He ought to feel something for Orton, surely? Pity. Remorse. He didn’t. He hadn’t meant to kill him, but Orton was no loss. Not even an awfully good mechanic. And Bat had killed better men than Orton–ten at last count–for much worse reason.

A miserable specimen, Orton.

But you couldn’t murder a chap for that.

Gaze riveted on the ink stain on the frayed cuff of Orton’s disheveled uniform, Bat tried to force his sluggish brain to action. Yes, he needed a story before he went to the major. More, he had to convince himself of it–get it straight in every detail–in case he was cross-examined. Mustn’t get tripped up.

If only he had ignored Orton’s note … Why the devil hadn’t he?

“You waiting for him to tell you what to do?” a voice asked laconically from behind him.

Bat jerked about.

Cowboy leaned against the closed stable door. His eyes glinted in the queer light. Bright. Almost feral as he watched from the half shadows.

“Pardon?” Bat asked stupidly.

“If you don’t plan on getting jugged by the MPs, you better get a move on.”

It was as though he were speaking to Bat in a foreign language. Granted, Cowboy was a Yank — a Texan, at that — and did take a bit of translation at the best of times.

Bat said, “I don’t–what d’you mean? I-I shall have to report this.”

“Why’s that?” Cowboy left his post at the door and came to join him. Oddly, it gave Bat comfort, Cowboy’s broad shoulder brushing his own. Together they stared down at Orton’s body.

Already he had changed. His face had a waxy, sunken look. The smell of death mingled with kerosene and horse and hay.

Bat’s stomach gave a sudden lurch and he moved away, leaning over a rusted harrow. But there was nothing to vomit. He hadn’t eaten since yesterday. Hadn’t eaten since Gene bought his packet and crashed in flames in the woods of the estate his family once owned near Hesdin.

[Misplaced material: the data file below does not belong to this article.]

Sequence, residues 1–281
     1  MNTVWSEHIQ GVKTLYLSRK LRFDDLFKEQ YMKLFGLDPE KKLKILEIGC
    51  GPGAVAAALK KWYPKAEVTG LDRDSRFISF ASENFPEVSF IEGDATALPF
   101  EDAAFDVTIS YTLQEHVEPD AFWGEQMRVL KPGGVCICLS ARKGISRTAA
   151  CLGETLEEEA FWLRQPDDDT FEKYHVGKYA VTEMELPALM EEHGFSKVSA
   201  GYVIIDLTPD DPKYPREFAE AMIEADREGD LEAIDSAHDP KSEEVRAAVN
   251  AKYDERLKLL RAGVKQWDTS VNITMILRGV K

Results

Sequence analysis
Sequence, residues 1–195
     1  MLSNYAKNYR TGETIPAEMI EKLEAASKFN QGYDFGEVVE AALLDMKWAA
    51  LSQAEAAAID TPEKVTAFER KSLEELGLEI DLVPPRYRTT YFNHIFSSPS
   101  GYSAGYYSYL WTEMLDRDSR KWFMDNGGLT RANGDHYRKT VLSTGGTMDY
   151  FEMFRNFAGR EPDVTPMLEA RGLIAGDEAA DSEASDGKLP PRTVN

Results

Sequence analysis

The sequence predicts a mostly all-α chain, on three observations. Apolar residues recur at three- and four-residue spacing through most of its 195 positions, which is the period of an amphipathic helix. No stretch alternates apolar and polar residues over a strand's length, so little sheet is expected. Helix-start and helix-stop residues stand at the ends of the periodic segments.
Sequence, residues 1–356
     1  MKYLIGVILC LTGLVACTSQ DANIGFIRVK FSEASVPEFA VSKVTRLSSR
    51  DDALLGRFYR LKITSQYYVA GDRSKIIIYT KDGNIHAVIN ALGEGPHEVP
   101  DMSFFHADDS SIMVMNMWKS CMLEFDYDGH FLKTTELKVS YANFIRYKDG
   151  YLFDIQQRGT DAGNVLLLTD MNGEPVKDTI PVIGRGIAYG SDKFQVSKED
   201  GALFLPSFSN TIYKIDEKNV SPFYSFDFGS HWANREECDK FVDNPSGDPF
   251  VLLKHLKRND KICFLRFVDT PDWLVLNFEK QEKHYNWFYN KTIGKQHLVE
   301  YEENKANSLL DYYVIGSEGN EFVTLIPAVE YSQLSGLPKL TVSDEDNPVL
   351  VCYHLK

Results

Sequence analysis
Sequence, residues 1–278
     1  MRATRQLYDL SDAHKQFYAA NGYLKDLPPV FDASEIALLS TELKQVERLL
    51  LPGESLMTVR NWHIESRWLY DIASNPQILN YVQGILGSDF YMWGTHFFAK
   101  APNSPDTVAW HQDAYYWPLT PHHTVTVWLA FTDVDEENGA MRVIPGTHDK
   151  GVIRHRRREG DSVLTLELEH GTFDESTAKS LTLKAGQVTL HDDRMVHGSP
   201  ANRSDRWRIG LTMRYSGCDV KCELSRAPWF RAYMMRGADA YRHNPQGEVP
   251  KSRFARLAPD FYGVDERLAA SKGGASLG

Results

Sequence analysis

Instead, he hung white-knuckled onto the rough metal frame heaving dry, empty coughs and nothing coming out but a few exhausted tears. Not for Orton. For Gene.

“You better pull yourself together, boy,” Cowboy told him when the worst of it was over. Listening distantly to that terse voice, Bat knew he was right. He shuddered all over. Forced himself upright, blinking at the American.

Cowboy was a big man. Several inches taller than Bat. Broad shoulders and narrow hips. Long legs. Must be the way they grew them in Texas. Cowboy certainly fit Bat’s notion–based entirely on the works of Zane Grey and Max Brand–of a man of the West. He’d been attached to the RFC for about two months. Which was a bloody long time in this war. Several lifetimes, really.

The old mare stretched her long neck and nibbled at the collar of Cowboy’s tunic. He patted her absently and drawled, “Orton was a sidewinder. A low-down, miserable piece of shit pretending to be a man. He wasn’t even a very good mechanic. Whatever else you might be, you’re one hell of a pilot. And the RFC is running short on pilots these days. Let alone aces.”

Bat blinked at him, wiped his face again. He felt hot and cold, sick and sweaty. He felt as though he were coming down with something–something fatal. He was unable to think beyond the thing at their feet. “What are you saying?”